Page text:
Free Speech Defended, Support of Israel Labeled Hate Speech on CBS’s ‘The Good Wife’

February 1st, 2016 6:00 AM

In the episode “Judged,” CBS’s The Good Wife  turned again to highlighting how the Left curtails freedom of speech.

Liberal lawyer Diane (Christine Baranski) came to the defense of a big client’s daughter over a college newspaper op-ed. The student defended Israel against the leftist student council’s vote to divest from Israel and boycott Israeli goods from settlements – more university BDS (“Boycott, Divestment, and Sanctions”) nonsense.  

Stop me if you’ve heard this before. The op-ed is labeled as hate speech - "It's hate speech, and this campus is supposed to be a safe space!" one student protests to administrators. In true fascist liberal form, the school’s student handbook is twisted to allow the censoring of a writer supporting Israel because one special snowflake claimed he felt under attack and disrespected. 

Instead of encouraging an honest debate of ideas – you know, like the college experience is supposed to do – the dean of Illinois Park College, a private university, approves shutting down the campus newspaper to "enforce progressive notions of fairness." To counter this, Diane makes the argument that the college is really a state actor – a self-contained mini-city and functioning as such – and thus must obey the First Amendment.

Martha: Ms. Lockhart has argued that Illinois Park is a state actor. We don't agree with this characterization but think it's irrelevant. Even in public colleges, students don't have unfettered rights of expression.

Diane: Nothing my client has done rises to a level of...

Martha: Schools are allowed to prohibit any expression that creates material and substantial disruptions in school activities or invades the rights of others

Mediator: Do you have any evidence of such invasion or disruption?

Martha: Mr. Binazir, you requested the school boycott Israeli goods from the settlements?

Binazir:  Yes. Endorsing them is endorsing a decades-long occupation that has led to thousands of deaths.

Martha: And how did it feel when they decided to boycott the products?

Binazir: I felt heard and respected.

Martha: And when she published her editorial?

Binazir:  Under attack, disrespected, unsafe.

Mediator: Here's what I don't understand, Mr. Binazir. You're on a politically engaged campus. How is this controversy different from all the others? Black Lives Matter? The Iraq War?

Binazir: It's never got physical before. Uh, my roommate was pushed to the ground and stepped on just trying to get to class.

Mediator: Okay, got it. Ms. Lockhart?

Diane: Ms. Stowe, was it your intent to disrupt student activities?

Imogen: Not at all.

Diane: Was it your intent to infringe on the rights of other students?

Imogen:  No, I was just speaking my mind, trying to engage them. It's important for someone to present a contrary viewpoint.

Diane: At any cost?

Imogen: No. But to be fair, the disruption Binazir is describing was temporary. People are already settling down. And in a few days, they'll be on to the next crusade.

Diane: But you won't, because the only permanent disruption here is leaving the school without a freely functioning newspaper.

The dean claims the student handbook is legally binding, and includes a mandate to encourage the development of personal responsibility in students. Therefore, since the aggrieved student filed a petition with the student council and the vote was passed to disband the newspaper, he says it was up to the school to enforce the vote.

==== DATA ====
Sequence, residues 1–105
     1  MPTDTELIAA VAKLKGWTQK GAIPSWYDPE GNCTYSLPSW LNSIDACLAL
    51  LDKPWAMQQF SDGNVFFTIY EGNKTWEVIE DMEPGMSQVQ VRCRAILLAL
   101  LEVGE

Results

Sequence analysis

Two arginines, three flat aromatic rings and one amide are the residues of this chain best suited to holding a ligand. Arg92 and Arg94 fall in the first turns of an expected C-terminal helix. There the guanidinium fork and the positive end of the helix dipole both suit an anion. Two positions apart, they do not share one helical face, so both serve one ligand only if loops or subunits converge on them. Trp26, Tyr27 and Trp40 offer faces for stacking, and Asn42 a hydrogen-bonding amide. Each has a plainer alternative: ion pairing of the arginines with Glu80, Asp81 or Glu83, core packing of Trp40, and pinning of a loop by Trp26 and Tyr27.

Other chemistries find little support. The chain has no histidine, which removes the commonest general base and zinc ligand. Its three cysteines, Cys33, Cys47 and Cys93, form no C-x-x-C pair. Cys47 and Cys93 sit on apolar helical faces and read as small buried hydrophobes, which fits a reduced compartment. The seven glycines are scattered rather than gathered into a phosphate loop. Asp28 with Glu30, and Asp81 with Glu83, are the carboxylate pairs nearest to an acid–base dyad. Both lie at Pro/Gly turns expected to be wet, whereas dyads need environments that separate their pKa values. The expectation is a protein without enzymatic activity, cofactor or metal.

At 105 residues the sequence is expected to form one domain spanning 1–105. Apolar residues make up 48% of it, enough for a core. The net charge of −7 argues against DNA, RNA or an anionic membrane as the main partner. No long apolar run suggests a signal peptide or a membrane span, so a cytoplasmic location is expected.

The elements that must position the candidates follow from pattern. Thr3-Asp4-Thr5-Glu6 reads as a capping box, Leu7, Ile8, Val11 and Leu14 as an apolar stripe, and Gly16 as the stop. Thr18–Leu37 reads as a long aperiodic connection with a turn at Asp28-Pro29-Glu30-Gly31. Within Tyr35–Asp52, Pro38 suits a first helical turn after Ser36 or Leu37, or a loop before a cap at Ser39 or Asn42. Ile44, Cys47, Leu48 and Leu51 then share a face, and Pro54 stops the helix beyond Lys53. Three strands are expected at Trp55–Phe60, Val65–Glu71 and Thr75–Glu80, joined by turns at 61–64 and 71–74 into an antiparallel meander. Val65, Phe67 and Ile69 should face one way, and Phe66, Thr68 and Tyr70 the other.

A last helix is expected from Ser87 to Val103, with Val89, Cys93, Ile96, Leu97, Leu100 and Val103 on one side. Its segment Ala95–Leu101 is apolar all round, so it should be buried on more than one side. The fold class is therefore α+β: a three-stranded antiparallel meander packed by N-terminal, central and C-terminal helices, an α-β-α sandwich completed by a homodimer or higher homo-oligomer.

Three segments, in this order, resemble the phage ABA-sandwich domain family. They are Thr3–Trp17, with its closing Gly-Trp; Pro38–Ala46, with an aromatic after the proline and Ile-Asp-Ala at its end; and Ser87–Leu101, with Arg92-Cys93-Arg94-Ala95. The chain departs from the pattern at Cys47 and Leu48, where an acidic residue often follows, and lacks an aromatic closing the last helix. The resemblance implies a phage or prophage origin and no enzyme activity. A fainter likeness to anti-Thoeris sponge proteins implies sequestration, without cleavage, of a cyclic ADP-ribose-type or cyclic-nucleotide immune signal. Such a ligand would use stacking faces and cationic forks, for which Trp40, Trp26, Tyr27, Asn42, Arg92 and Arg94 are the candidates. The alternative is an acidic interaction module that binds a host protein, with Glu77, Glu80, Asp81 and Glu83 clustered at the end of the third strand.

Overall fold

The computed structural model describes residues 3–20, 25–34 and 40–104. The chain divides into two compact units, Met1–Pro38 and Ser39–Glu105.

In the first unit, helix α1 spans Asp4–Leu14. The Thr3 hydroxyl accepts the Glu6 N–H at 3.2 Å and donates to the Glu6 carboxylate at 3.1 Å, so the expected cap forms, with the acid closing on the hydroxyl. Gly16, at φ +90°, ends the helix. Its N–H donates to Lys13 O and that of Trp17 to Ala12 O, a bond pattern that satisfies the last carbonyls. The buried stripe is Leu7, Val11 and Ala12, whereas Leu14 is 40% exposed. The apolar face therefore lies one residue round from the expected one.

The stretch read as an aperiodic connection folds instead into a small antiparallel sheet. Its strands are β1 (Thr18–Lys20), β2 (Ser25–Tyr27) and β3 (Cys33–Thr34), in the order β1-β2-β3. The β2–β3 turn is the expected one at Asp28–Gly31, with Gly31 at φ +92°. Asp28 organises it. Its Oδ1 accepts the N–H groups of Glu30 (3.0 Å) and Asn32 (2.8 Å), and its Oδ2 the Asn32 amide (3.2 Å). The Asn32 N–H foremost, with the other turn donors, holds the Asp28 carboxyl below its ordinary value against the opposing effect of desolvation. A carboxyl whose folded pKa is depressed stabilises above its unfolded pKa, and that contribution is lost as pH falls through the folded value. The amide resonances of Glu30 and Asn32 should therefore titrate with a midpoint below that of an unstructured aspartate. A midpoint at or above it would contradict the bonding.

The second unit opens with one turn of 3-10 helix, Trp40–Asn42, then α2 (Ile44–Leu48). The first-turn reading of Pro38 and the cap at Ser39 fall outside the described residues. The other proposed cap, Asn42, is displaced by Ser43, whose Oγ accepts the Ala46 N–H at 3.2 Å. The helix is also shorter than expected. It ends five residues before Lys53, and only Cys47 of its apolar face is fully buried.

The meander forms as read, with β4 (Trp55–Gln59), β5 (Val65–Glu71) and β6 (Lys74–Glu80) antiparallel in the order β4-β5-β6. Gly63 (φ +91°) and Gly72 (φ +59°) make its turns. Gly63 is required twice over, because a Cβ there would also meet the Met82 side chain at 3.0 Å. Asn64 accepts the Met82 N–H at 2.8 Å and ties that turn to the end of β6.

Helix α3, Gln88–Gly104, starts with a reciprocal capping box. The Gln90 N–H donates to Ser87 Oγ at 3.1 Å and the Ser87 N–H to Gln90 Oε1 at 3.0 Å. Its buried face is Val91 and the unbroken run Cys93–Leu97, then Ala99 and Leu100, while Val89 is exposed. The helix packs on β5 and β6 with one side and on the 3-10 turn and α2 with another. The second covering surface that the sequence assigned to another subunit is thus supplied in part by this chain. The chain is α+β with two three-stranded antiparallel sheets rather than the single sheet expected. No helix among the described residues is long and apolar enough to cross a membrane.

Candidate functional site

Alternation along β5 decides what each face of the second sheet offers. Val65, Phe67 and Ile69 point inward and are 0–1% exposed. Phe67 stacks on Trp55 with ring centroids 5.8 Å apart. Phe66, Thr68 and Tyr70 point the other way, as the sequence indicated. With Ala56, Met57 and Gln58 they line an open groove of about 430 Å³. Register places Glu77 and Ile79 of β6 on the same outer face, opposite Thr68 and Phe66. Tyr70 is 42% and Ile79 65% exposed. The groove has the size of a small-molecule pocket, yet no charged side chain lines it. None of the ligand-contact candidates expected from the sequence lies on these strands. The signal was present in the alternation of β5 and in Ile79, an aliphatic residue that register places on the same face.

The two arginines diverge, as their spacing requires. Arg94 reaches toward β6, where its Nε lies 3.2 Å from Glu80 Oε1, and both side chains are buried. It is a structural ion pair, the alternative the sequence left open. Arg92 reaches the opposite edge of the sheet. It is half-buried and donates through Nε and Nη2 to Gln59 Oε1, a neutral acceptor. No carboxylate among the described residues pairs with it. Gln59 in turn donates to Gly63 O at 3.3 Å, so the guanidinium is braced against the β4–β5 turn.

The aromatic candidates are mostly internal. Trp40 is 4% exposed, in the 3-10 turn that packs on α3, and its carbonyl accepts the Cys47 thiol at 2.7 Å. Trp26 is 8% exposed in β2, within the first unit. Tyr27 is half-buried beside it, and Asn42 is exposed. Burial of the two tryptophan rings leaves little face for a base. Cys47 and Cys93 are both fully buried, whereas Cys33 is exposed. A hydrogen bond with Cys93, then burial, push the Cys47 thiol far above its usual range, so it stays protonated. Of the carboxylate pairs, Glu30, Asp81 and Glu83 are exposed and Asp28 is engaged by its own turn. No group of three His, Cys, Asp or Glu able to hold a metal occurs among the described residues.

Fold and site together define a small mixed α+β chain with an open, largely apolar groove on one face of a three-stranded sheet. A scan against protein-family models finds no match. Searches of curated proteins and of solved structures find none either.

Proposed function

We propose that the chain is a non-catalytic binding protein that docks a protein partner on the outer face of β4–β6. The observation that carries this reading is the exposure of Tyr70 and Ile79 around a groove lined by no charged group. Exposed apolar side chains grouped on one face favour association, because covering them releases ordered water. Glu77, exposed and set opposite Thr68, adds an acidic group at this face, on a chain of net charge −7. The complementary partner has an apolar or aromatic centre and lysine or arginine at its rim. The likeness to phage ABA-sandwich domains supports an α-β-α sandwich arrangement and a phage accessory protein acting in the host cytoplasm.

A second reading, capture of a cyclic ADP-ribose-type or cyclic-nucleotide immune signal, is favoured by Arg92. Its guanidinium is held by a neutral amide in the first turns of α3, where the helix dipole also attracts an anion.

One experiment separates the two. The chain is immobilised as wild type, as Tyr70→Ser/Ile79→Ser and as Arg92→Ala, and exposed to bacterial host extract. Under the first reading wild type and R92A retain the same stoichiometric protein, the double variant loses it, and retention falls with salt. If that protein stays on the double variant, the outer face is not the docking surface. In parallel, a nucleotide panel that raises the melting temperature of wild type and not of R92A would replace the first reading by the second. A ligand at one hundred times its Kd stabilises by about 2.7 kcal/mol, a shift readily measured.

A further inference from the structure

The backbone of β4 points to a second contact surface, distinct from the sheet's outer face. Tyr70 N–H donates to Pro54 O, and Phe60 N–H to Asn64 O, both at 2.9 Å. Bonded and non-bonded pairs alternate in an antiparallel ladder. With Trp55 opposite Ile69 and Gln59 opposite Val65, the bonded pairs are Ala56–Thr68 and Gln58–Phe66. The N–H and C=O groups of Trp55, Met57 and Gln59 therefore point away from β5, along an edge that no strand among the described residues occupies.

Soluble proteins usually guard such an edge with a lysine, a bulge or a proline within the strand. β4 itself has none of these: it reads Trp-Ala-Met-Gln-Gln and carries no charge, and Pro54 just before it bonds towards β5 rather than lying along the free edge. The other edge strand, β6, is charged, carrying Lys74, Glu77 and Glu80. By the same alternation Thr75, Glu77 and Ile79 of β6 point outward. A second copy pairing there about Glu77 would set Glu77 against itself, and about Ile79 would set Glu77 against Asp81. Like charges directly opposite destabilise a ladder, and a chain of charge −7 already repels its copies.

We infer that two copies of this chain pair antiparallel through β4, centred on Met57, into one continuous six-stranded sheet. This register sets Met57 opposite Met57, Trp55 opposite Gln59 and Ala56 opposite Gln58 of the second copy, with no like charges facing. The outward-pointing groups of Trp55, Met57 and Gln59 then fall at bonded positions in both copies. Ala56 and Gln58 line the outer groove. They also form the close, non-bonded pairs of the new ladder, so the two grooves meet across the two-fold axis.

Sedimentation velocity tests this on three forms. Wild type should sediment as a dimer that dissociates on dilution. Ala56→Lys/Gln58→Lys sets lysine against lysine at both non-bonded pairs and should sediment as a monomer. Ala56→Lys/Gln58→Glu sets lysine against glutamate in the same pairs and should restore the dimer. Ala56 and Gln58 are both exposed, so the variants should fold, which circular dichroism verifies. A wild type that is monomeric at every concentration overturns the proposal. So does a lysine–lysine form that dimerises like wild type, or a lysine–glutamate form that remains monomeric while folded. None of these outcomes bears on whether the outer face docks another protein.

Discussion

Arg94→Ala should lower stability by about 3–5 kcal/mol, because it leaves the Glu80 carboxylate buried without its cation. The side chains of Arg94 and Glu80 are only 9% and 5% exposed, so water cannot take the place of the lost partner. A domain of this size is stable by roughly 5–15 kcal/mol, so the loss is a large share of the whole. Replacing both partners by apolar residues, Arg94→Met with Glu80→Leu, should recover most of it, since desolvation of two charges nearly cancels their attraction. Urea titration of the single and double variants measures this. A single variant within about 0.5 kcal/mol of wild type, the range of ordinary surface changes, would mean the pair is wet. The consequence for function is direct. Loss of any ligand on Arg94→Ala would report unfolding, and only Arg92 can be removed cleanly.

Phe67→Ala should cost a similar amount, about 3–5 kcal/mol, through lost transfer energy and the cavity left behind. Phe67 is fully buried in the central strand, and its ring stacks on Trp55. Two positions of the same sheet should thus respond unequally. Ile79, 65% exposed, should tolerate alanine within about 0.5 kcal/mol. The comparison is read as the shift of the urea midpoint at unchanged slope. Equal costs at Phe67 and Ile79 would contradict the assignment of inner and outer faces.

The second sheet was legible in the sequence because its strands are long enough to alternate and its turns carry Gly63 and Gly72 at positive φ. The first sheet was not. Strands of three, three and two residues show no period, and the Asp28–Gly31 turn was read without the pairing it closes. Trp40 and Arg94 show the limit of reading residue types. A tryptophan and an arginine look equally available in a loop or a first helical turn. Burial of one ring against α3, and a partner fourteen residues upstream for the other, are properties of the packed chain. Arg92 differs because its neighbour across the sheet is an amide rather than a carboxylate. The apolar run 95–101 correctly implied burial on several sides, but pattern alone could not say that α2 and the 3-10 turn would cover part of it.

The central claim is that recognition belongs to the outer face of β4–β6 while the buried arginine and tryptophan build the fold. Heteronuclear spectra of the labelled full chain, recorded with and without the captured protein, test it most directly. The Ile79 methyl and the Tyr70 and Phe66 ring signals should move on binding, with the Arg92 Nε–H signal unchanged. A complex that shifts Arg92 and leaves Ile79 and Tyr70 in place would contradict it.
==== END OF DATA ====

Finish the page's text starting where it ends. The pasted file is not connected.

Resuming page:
However, Diane points out that the administration is in charge over the student council, not vice versal – it disciplined a student for going as Caitlyn Jenner for Halloween because it was offensive to transgenders! – and the mediator rules in favor of the young writer and the decision to close the newspaper is reversed.

Martha: Does the book say "Park is dedicated to empowering students by encouraging autonomy and the development of personal responsibility"?

Dean:  It does.

Martha:  And did the student body demonstrate this responsibility in their reaction to Ms. Stowe's editorial?

Dean: Oh, yes, they're the ones who petitioned the student council to have Ms. Stowe removed and the paper defunded.

Martha: This was entirely a student body move?

Dean: Yes.

Martha:  Thank you, Dean.

Diane:  Do you agree with the way the students handled Imogen's op-ed?

Dean: I do.

Diane:  And if you didn't?

Dean: Well, if the council voted one way or the other, I'd respect it. Part of learning how to make decisions is learning how to live with poor decisions.

Diane: Last Halloween, you disciplined a student for wearing a "Caitlyn" costume, which you said made fun of trans students. You did, not the student council.

Dean: Well, no one brought a petition to the student council, but that didn't mean that the...

Diane:  Yes, but before the council acts, after it acts, whether it acts at all, you do. The final responsibility rests with the adult faculty, not the students.

Martha: If we could just look at chapter three of the student handbook…

Mediator: I think we've all heard enough about the handbook, Ms. Reed. Ms. Lockhart is right. The administration is really still in charge, and since we're considering them state actors, they can't censor the newspaper. The defunding of the student paper is hereby reversed. Have a nice day, everyone.

Freedom of speech is not just for the leftists on college campuses. Labeling a differing opinion as hate speech is standard practice on the left. The lesson learned by the young man who felt hurt by an op-ed? He is no more special than the others on campus. He got schooled the best possible way.